Articles | Volume 10, issue 9
Atmos. Meas. Tech., 10, 3203–3213, 2017
Atmos. Meas. Tech., 10, 3203–3213, 2017

Research article 01 Sep 2017

Research article | 01 Sep 2017

Estimation of aerosol complex refractive indices for both fine and coarse modes simultaneously based on AERONET remote sensing products

Ying Zhang1, Zhengqiang Li1, Yuhuan Zhang2, Donghui Li1, Lili Qie1, Huizheng Che3, and Hua Xu1 Ying Zhang et al.
  • 1State Environmental Protection Key Laboratory of Satellite Remote Sensing, Institute of Remote Sensing and Digital Earth, Chinese Academy of Sciences, Beijing 100101, China
  • 2Satellite Environment Center, Ministry of Environmental Protection, Beijing 100094, China
  • 3Chinese Academy of Meteorological Sciences, Chinese Meteorological Administration, Beijing 100081, China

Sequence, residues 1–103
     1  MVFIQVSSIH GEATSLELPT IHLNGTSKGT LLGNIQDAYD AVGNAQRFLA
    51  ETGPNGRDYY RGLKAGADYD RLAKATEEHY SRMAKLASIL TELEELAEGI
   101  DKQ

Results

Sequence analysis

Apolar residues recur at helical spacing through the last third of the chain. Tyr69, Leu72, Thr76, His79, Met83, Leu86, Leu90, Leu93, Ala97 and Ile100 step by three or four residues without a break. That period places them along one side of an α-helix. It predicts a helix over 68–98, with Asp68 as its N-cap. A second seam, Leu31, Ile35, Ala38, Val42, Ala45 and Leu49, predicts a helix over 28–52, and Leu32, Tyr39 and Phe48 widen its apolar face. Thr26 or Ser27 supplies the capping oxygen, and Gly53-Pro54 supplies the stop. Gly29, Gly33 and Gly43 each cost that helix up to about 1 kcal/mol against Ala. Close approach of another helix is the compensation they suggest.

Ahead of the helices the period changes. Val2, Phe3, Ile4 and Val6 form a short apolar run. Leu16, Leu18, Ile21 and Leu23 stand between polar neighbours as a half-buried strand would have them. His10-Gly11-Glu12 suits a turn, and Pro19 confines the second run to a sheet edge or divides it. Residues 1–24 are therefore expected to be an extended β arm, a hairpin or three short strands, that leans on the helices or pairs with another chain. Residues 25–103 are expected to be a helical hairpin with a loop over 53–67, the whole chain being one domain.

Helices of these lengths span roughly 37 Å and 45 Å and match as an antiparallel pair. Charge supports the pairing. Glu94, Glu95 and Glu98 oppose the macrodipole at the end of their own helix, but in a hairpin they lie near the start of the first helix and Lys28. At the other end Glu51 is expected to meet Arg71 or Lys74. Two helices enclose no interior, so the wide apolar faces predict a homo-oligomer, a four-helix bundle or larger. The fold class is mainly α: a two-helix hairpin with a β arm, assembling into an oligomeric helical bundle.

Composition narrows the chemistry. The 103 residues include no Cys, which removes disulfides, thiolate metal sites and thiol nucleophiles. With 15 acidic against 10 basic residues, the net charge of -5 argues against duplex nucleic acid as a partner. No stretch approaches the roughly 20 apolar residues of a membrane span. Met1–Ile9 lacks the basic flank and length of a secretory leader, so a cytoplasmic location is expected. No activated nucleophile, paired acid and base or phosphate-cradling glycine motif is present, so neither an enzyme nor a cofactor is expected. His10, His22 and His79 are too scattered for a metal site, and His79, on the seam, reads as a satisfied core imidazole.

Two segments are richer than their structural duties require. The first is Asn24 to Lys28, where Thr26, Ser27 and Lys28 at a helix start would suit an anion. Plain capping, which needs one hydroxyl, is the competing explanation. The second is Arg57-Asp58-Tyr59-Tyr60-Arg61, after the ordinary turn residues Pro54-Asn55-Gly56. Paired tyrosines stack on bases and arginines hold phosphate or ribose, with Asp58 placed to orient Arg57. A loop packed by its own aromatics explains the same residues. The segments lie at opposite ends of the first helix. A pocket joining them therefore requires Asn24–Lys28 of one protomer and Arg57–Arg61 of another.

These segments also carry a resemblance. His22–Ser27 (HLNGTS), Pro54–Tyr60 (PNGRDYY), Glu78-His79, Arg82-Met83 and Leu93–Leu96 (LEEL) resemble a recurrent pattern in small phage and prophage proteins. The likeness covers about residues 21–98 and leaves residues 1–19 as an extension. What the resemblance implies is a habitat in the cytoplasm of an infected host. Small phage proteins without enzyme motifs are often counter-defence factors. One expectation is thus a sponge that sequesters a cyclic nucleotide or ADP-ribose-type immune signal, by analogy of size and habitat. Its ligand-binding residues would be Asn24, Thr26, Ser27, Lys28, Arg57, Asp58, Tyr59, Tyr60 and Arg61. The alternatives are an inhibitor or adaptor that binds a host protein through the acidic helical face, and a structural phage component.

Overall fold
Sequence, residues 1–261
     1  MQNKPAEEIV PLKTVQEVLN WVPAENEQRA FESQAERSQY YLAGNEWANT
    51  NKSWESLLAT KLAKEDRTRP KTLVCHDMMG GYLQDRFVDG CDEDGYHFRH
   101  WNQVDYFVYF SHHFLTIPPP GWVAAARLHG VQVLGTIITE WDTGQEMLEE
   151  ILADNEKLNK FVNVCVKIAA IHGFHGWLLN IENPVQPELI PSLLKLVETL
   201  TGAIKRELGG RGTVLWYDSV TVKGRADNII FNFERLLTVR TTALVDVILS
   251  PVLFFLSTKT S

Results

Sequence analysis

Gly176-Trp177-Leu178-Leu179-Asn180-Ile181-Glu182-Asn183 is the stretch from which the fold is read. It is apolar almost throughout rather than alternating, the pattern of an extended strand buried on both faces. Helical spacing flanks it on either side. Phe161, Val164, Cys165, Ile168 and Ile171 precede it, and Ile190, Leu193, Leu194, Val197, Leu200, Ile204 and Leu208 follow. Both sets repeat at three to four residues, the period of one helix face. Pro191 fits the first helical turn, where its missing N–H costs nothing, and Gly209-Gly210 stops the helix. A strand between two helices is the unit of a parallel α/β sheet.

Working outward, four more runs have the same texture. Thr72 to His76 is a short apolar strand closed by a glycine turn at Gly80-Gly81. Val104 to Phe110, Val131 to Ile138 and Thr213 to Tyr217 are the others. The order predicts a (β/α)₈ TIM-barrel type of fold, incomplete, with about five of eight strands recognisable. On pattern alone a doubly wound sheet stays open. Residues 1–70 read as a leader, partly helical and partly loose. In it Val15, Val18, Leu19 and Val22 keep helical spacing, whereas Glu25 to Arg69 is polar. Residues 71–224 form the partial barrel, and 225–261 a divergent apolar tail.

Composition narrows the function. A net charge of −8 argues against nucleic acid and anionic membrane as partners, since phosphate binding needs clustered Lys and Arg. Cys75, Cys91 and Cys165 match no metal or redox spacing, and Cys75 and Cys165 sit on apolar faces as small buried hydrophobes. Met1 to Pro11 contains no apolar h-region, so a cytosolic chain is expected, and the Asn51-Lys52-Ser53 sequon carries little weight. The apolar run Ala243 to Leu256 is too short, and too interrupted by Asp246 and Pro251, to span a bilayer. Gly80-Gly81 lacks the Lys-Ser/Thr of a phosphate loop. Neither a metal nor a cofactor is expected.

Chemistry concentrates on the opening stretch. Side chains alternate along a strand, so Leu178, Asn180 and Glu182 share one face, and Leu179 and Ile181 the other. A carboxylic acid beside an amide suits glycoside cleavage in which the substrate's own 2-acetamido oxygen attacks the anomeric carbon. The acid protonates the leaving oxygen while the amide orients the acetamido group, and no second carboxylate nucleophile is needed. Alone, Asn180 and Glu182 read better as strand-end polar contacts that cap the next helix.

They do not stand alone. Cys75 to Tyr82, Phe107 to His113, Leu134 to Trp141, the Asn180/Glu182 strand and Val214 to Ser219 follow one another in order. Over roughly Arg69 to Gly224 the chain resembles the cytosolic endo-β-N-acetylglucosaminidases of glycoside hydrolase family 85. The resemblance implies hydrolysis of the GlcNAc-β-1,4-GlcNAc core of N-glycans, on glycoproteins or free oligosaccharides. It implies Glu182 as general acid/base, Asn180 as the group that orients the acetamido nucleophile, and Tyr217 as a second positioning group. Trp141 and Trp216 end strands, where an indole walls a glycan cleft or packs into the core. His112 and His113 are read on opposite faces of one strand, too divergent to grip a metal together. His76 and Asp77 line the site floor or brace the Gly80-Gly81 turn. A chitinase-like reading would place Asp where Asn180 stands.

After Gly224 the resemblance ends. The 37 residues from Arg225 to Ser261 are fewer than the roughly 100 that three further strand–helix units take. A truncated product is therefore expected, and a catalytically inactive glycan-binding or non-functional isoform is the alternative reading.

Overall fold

Abstract. Climate change assessment, especially model evaluation, requires a better understanding of complex refractive indices (CRIs) of atmospheric aerosols – separately for both fine and coarse modes. However, the widely used aerosol CRI obtained by the global Aerosol Robotic Network (AERONET) corresponds to total-column aerosol particles without separation for fine and coarse modes. This paper establishes a method to separate CRIs of fine and coarse particles based on AERONET volume particle size distribution (VPSD), aerosol optical depth (AOD) and absorbing AOD (AAOD). The method consists of two steps. First a multimodal log-normal distribution that best approximates the AERONET VPSD is found. Then the fine and coarse mode CRIs are found by iterative fitting of AERONET AODs to Mie calculations. The numerical experiment shows good performance for typical water-soluble, biomass burning and dust aerosol types, and the estimated uncertainties on the retrieved sub-mode CRIs are about 0.11 (real part) and 78 % (imaginary part). The 1-year measurements at the AERONET Beijing site are processed, and we obtain CRIs of 1.48–0.010i (imaginary part at 440 nm is 0.012) for fine mode particles and 1.49–0.004i (imaginary part at 440 nm is 0.007) for coarse mode particles, for the period of 2014–2015. Our results also suggest that both fine and coarse aerosol mode CRIs have distinct seasonal characteristics; in particular, CRIs of fine particles in winter season are significantly higher than summer due to possible anthropogenic influences.